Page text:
In pre-colonial Northern Nigeria, the Hausa had a well-defined local system of civil administration under Habe rule before the Jihad of 1804. Even after the creation of the caliphate and the supplanting of the Habe rulers, the new Fulani rulers retained significant portion of the machinery of government created and developed by the old order. The systems of tax collection and judicial administration were just slightly modified to inject some amount of Islamic observances. The Emir was the final locus of power and was not accountable to anyone, except the council of Ulama in the exercise of the power and authority of his office. In practical terms the Emir was assisted by a council of chiefs chosen from among the nobility. Their major function was to advise and facilitate the execution of the Emir’s orders.
Unlike the Northern and Western parts of Nigeria, there was no form of centralised monarchical system in the pre-colonial period of Igbo societies except for Agbor and Onitsha mentioned above. The system here was more of republicanism which was characterised by village or clan democracy. The society was rooted in segmentary lineage structure due to the absence of large kingdoms or city states as they existed among the Yoruba or Hausa. The society was run a council of Elders, age grades, titled men and others.
Colonial Rule and Traditional Institutions
The subjugation of Nigerian society by British imperial military forces from the 1880s and the subsequent introduction of Colonial rule marked a definite point in the relevance and role of traditional institutions in Nigeria. This was a strategy for effective colonial administration and to involve traditional rulers in the administration of their communities. This was called the Indirect Rule system of colonial administration. In doing so the British colonial invaders took away the sovereignty previously enjoyed by the indigenous towns and communities and those of their traditional rulers. Communities that proved recalcitrant were usually subjugated by maximum force of arms until they were subdued.
It is trite that traditional rulers in colonial Nigeria assumed new leadership roles which became inevitable as a result of colonial rule and existence of a higher level of power to which traditional rulers and institutions deferred. To ensure the success of the newly imposed system of indirect rule, traditional rulers were given new obligations which in many instances conflicted with their traditional roles. For instance, they were deprived of some rights such as tax collection, trade and policy formulation. Some of their assumed functions were Native Court Presidency, membership of Provincial and Divisional Councils, involvement in partisan politics and others. Thus, these new changes had cultural implication on the traditional royal stools. Despite scathing remarks and unwarranted criticisms from upstarts in politics many of these traditional rulers demonstrated statesmanship and became champions of progress, development and nation building. The involvement of Nigerian monarchs as heads of traditional institutions of administration and government during the period of Indirect Rule made them perhaps symbols of stability and mirrors of morality in their respective societies. Despite the new order of recognition by the British crown through its representative in Nigeria, traditional rulers of centralised political systems in practice assumed derived the power to rule as ancestral entitlement. Accordingly, Sir Lord Lugard attested to this fact when he described traditional leadership as an integral part of British administration. However, colonial realities and the excesses of certain colonial administrators reduced the powers exercisable by traditional rulers and in the bid for relevance in the new order some traditional rulers became susceptible to manipulations by British administrators. Margery Perham captured this when she wrote on the changing role of Emir of Kano that the town monarch “must be partly, and may be entirely controlled by the Resident and Senior Staff”.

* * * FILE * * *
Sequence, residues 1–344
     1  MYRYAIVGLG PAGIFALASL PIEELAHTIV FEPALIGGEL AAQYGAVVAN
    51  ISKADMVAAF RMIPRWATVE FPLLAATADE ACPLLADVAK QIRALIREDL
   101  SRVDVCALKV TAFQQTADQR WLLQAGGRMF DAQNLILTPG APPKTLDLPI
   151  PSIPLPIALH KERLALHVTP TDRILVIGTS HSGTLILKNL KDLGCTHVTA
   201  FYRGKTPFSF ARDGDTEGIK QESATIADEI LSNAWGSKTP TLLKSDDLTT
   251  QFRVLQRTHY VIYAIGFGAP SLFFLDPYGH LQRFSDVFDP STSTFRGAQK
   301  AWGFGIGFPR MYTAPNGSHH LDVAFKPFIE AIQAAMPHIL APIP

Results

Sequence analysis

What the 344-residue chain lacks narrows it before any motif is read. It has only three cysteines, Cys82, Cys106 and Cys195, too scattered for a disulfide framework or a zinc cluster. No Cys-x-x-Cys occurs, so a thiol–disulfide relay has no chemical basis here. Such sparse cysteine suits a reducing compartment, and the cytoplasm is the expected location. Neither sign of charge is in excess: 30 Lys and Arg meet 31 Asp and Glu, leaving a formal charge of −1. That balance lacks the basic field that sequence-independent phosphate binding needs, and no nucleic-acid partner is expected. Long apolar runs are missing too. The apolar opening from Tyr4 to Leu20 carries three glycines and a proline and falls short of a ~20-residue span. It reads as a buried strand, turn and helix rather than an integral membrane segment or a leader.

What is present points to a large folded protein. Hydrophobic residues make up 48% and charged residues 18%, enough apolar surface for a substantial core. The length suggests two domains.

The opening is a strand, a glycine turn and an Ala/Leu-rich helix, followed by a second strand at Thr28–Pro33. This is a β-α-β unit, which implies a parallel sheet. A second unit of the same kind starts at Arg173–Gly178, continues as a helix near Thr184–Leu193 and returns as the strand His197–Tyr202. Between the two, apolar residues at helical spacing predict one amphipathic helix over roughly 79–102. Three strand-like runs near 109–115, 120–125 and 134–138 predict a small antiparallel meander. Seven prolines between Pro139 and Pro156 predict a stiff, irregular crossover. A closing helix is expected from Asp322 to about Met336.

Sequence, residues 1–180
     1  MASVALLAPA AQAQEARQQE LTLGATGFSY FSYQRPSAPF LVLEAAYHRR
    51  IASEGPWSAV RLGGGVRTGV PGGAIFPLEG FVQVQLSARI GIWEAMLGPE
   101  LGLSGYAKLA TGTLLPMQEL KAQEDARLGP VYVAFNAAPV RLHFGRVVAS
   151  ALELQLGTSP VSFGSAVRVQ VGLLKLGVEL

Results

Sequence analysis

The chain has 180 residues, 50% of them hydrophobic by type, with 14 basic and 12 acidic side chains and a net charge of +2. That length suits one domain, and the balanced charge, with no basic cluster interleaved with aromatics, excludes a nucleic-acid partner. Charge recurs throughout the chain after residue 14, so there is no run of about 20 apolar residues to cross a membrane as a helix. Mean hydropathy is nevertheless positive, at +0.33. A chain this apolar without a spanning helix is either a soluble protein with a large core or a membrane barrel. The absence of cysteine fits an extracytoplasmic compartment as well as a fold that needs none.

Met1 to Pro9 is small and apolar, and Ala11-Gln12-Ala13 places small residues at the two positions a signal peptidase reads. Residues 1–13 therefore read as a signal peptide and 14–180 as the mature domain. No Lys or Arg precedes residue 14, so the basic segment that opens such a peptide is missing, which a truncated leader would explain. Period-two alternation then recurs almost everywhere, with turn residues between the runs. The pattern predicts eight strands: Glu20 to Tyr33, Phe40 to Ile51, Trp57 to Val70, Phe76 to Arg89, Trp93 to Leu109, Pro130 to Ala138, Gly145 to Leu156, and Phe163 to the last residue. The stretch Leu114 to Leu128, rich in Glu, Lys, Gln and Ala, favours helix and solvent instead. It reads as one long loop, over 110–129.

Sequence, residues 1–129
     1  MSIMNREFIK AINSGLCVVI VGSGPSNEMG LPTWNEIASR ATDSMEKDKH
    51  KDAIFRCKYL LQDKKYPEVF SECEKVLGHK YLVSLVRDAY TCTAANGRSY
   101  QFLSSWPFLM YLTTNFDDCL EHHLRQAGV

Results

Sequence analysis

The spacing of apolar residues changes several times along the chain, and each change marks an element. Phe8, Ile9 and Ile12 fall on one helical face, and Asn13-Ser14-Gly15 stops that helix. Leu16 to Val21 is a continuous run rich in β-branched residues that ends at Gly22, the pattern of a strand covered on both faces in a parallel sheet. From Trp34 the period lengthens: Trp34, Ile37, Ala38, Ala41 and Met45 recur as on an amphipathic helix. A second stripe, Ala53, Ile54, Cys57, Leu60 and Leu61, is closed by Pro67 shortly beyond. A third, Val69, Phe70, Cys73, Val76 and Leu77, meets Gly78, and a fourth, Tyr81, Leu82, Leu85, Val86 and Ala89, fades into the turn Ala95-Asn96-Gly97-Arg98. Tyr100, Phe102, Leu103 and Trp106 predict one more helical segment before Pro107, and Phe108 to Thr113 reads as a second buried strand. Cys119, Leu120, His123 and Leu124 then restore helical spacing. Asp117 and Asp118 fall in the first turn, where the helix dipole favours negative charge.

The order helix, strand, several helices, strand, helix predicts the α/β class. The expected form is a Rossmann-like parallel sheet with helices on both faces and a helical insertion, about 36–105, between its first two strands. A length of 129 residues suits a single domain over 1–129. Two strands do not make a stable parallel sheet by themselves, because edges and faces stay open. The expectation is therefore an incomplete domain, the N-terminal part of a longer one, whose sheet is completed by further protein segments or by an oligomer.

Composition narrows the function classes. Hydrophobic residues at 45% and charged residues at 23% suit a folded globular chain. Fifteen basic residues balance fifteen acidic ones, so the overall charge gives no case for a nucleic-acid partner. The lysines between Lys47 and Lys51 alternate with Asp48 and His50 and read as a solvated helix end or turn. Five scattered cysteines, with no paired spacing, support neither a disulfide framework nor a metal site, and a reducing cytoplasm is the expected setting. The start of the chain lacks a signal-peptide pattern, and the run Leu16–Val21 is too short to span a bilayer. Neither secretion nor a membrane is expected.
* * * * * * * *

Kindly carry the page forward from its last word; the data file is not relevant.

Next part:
Furthermore, when Fredrick Lugard appointed Attahiru as Sultan of Sokoto on 22 March 1903, he made the newly installed Sultan realise the fact British ownership of the right of succession in all British colonies. The latter was compelled to take an oath of allegiance to the Queen of England instead of ancestral oath rooted in Islamic jurisprudence.
In spite of major changes introduced by colonial rule to traditional rulership, the institution no doubt continued to be relevant and in the consciousness of the people who still looked up to the traditional rulers as law givers and protector of their collective will. Colonial rule still allowed for some level of involvement of traditional rulers in cultural, economic, political, educational and religious matters. Importantly, traditional rulers began to play expanded role in judicial, legislative and executive duties in accordance with colonial rule and the new order. Thus, following the reorganization of native administration after World War II, local government legislation based on English model was passed in the Eastern, Western and Northern regions of Nigeria in the early 1950s. The local government legislation expected traditional leadership to perform these functions: maintenance of law and order, protection of lives and properties, making of bye-laws and such others. The new local government system gave traditional rulers opportunity to participate in social and political engineering as most of them served as the presidents of their Divisional and District Councils.